Full disclosure. Kasey Chambers and I have history. A few years back, through the mystical forests of social media, I offered to provide handclaps on a future album. As yet, this offer has not been taken up. – Robert Murphy, AFL Western Bulldogs Captain

One of life’s joys is to follow the thread of an artist, particularly one as talented and forthright as Kasey. Each album is seemingly a signpost of her station in life, and like any art worth its salt there’s enough common ground for all of us to feast upon. Heartache and redemption are good like that.

‘Dragonfly’ is Kasey Chambers’ 11th album and there is much to be learned even before you hear a note. When an artist has enough songs to fill a quarry and THEN they release a double album, well, this in itself seems like a statement of intent. This girl has something to say. In sporting vernacular, she’s hitting them cleanly.

That information paired with lead off single ‘Ain’t No Little Girl’ tells us much about the spirit of this LP. In the artist’s own words, ‘Ain’t No Little Girl’ was the first song written for the record and “the glue that holds the whole album together”.
If there is one song that captures the spirit of the album then this might be it. It’s shoulders back and chin out, the kind of song that looks you in the eye. While it’s the spirit of the song that first hits you, the power of the singing stays with you.

Coupled with ‘Ain’t Worth Suffering’ and ‘Summer Pillow’ as a trio of songs, such is the passion of the delivery they sound almost confrontational. This is a singer who had major vocal surgery not so long ago, only to emerge stronger and keen to show us what that voice can do when let off the leash.

A luxury of a successful career and a swag of new songs tucked in your pocket is you can draw on a bit of help from your friends and peers, and this album boasts an impressive and eclectic ensemble.

Grizzlee Train won’t be strangers to anyone who’s seen a Chambers show in the last year or so, and their sweet sound adds a nice touch to the swampy blues of ‘The Devil’s Wheel’. Harry Hookey, who co-wrote part of this album, is best showcased on ‘No Ordinary Man’. Harry’s soulful singing combined with the lush tones from the darlings of Australian music, Vika and Linda Bull, give this track a finesse most artists would kill for.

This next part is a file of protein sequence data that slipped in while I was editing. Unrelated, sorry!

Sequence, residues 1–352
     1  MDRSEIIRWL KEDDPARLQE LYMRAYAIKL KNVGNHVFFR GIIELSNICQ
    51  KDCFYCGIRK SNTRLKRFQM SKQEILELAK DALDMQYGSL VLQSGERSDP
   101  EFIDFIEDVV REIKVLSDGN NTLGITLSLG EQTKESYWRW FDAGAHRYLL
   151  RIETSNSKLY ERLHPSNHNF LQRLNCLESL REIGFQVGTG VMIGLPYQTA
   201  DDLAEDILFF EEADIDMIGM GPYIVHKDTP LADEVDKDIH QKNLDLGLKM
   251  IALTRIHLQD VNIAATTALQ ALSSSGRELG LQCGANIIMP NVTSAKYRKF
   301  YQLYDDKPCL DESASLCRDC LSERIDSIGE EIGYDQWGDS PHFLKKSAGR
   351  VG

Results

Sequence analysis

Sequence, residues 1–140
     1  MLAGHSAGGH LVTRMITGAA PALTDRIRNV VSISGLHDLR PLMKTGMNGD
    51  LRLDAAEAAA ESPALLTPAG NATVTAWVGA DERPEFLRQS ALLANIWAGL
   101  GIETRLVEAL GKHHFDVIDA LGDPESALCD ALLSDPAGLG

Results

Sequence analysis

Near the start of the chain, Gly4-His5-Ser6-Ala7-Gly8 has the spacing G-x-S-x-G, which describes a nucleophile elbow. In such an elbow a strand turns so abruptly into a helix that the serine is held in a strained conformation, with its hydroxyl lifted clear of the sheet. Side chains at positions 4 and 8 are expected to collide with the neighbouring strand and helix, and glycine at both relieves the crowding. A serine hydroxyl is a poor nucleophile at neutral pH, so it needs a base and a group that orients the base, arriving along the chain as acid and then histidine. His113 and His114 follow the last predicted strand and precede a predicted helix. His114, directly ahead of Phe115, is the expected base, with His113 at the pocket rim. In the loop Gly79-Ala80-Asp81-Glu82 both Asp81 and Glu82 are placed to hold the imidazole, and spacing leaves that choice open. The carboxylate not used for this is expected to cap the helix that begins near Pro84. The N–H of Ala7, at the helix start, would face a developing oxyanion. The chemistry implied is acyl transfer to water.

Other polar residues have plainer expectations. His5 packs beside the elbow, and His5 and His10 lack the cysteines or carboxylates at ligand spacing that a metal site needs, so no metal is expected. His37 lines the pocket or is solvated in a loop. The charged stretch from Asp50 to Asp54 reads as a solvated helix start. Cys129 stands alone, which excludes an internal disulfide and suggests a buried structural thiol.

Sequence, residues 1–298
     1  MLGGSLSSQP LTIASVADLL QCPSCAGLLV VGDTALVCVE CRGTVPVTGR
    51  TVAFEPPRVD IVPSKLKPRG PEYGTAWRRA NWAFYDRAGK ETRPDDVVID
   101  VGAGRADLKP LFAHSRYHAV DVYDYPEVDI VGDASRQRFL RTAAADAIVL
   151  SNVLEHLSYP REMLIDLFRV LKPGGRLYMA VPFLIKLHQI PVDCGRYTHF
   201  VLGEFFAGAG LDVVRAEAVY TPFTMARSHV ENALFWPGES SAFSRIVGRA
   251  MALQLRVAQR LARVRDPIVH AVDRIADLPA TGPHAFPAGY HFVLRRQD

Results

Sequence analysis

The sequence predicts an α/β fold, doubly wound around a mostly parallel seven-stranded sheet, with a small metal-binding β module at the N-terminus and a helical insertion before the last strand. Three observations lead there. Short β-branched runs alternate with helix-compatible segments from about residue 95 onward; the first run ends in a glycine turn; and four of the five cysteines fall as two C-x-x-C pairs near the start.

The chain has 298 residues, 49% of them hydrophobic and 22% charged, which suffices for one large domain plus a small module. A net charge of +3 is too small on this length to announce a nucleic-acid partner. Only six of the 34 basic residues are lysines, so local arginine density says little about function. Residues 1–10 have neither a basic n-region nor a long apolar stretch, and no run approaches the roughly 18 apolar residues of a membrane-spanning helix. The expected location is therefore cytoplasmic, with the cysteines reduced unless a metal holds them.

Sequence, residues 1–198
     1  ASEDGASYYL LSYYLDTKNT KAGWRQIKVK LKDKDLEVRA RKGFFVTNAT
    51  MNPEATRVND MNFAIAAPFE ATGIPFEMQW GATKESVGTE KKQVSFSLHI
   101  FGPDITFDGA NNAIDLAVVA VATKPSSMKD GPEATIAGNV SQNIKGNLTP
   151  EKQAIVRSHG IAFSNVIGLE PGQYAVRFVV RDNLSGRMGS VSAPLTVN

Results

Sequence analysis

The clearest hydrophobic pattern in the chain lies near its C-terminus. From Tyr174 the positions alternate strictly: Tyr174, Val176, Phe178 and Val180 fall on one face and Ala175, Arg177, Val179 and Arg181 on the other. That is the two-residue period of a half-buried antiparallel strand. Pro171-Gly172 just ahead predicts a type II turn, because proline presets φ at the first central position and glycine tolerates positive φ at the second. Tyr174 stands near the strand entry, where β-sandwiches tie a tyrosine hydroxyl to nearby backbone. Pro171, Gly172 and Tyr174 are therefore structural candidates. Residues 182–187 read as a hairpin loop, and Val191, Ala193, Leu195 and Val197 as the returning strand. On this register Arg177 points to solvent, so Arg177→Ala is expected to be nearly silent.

If there is such a thing as an archetypal Kasey Chambers song, it might be ‘If We Had A Child’. It’s the kind of duet that should only be sung by old friends who have country music running through their veins. Mercifully, Keith Urban passes the test and the results are pretty goddamn gorgeous.

Foy Vance is another to be called upon in this motley crew and his Celtic bent only makes the haunting ‘Romeo And Juliet’ just that little more mystical. There’s other singing too, from a bloke called Paul Kelly. He appears on a few tracks, plays harmonica too, but it’s his long-sought-after services as producer that really got the Chambers gang revved up. So the story goes Kasey has been at Paul for a while to watch over a batch of her songs, and after hearing ’Ain’t No Little Girl’ and ‘Henri Young’ live some time ago he felt like the time was finally right to throw his hat into the ring. You can feel his easy presence throughout the album.

Dragonfly was recorded in two locations – the Kelly (Gang) sessions down south at Sing Sing studios, and up north during the Foggy Mountain sessions where brother Nash took control of Kasey’s live band.

This a serious record by a serious artist, but this isn’t a record to be played in a dark room with the curtains drawn. ‘Golden Rails’ is the type of song you’d take to Johnny Cash’s house for a campfire singalong. And I really wish I could’ve been in the studio to witness the recording of ‘Hey’, as Chambers and Kelly shout back and forth at each other: “Hey! You want it!” “Hey! You got it!”. You can hear the two smiling and laughing; you don’t hear that too often on a record these days.

The power of the pen means I get to indulge in my favourite track on the album and it just so happens to be the last. ‘Talkin’ Baby Blues’ is a riot! Never before has a song so raw and autobiographical been so outrageously funny.

Like all the best double albums, ‘Dragonfly’ leaps and dips like its name suggests. Twenty songs. A rambling, gambling, gorgeous patchwork quilt of styles and guises.

What holds it all together is the quality of songs. A songwriter of Kasey’s class in full stride is something to behold, and this ain’t her first rodeo. She knows what she’s doing. Some bruises and heartache remain, but what shines through is the artist’s irrepressible, optimistic spirit.

Life’s about balance, or so they say, so what would I ask for on the next album from our favourite gal? More handclaps. Clap clap.

Robert Murphy, AFL Western Bulldogs Captain



There’s a moment in most artists’ young lives when they realise music will shape their future and define who they are. Kasey Chambers didn’t have to wait for that moment to arrive. Music is part of her DNA.

Born in Mt Gambier in South Australia, Kasey grew up in a home environment where listening to and performing country and roots music was a way of life. It had to rub off _and it did _ just as in later years, living on the Nullarbor Plain and travelling all over Australia with her family, the young Kasey got an education like no other.

She spent her childhood absorbing the music of Hank Williams, Emmylou Harris, Johnny Cash and other country greats loved by her parents. It was in the family’s revered Dead Ringer Band with dad Bill, mum Di and older brother Nash that 10-year-old Kasey got her first real taste of being on stage. By the time she was in her late teens she was fronting the band and writing some of the songs.

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